By Peter Simon
KUCHING, February 8, 2017 - Native customary rights (NCR) land lawyer Baru Bian has asked Deputy Chief Minister Datuk Amar Douglas Uggah Embas to rope in Dayak non-governmental organisations and NCR land experts as members of the Pemakai Menoa and Pulau Galau committee.
Baru Bian says he is concerned that representatives of the State Attorney-General's Office are roped in as members of the Pemakai Menoa and Pulau Galau committee.
Saying that he welcomes the formation of the committee, but he expresses his concern that among the members of the Committee are representatives from the Attorney-General’s Office and the Majlis Adat Istiadat.
"But there is no mention of representatives from organisations such as SADIA, experts including Nicholas Bawin and Jayl Langub, and members of academia.
"It should be noted that the State Attorney General’s Office is the originator of this problem, having opposed the Dayaks and their lawyers in court over this matter and wrongly advising the government," Baru said in a statement today.
Noting that Uggah's statement that he will do ‘in-depth’ studies on issues related to Pemakai Menoa and Pulau Galau, Baru urges him and his committee not to take too long with this ‘in-depth’ study, but it t would be advisable for him to look into all the case laws pertaining to these issues, particularly the celebrated case of Nor Nyawai, which is easily accessible.
"The concept of Pemakai Menoa and Pulau Galau has already been extensively debated in the courts of law, with references to the history and the understanding and definition of native customary rights land from various experts in the field, past and present.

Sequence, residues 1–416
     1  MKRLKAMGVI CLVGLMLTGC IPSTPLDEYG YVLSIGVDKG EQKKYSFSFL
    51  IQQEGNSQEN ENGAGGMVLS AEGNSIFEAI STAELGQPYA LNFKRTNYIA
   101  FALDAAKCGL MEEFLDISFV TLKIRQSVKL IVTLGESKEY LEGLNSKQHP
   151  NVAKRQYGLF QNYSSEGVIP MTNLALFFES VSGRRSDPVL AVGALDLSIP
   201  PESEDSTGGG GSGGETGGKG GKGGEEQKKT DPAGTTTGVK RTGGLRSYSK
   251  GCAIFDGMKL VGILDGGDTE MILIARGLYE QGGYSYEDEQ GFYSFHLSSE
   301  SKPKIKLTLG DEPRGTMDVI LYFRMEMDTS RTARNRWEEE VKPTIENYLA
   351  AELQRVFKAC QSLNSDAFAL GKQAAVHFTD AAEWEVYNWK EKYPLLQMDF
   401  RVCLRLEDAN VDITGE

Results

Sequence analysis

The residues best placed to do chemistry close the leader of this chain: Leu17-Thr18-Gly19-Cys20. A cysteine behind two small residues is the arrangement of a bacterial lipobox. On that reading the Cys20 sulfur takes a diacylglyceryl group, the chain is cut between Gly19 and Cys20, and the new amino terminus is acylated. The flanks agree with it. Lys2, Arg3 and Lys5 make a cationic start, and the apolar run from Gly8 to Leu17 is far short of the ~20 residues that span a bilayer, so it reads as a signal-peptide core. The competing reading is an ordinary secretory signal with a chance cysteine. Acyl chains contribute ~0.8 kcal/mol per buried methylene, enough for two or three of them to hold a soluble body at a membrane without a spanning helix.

"This is a universal concept that is recognised in other jurisdictions for the indigenous groups in those countries.
"Consistent with this development, and notwithstanding the pending outcome of the judicial review in the TR Sandah case, the state government should take cognisance of the accepted universal concept of native customary rights land which includes the virgin jungle where the indigenous communities forage for food, hunting and fishing, and take steps to formally recognise these rights by legislating on the matter.
"This is the very reason that I have made attempts to pass a motion and table a private member’s bill on amending the Sarawak Land Code.
"Many members of the Native community have expressed their deep concern over this issue and are looking to Uggah and the new Chief Minister Datuk Amar Abang Johari Openg to resolve the matter.
"Again I wish to say this: there are no two ways about it but to amend the Sarawak Land Code if the State Government is serious about protecting the NCR land of the native community in Sarawak.
"I am aware that some people are concerned that the recognition of such adat may cause huge areas of land to be subject to claims by the natives.
"This is not true as claims of NCR land are subject to proof. More importantly the adat must first be recognised and accepted by the powers that be.
"This problem needs to be resolved speedily as it not only affects the native community. There is an economic impact as well in the fact that foreign investors may have no confidence in the Sarawak government for lack of adherence to human rights requirements.
"The government has never really addressed this problem, as shown by the unrelenting appeals filed by the State Attorney General’s office in NCR cases. I hope the DCM will be able to make some positive changes in this matter," Baru, who is also Ba'Kelalan state assemblyman and Sarawak PKR chairman, said.
Uggah, who is heading the committee, had said yesterday that he had set a time frame of three months for the committee to complete the study on cultures, practices, definition, history and all other factors involved in the Pemakai Menoa and Pulau Galau.
The study, he added, would be submitted to the chief minister before it is tabled in the state cabinet meeting.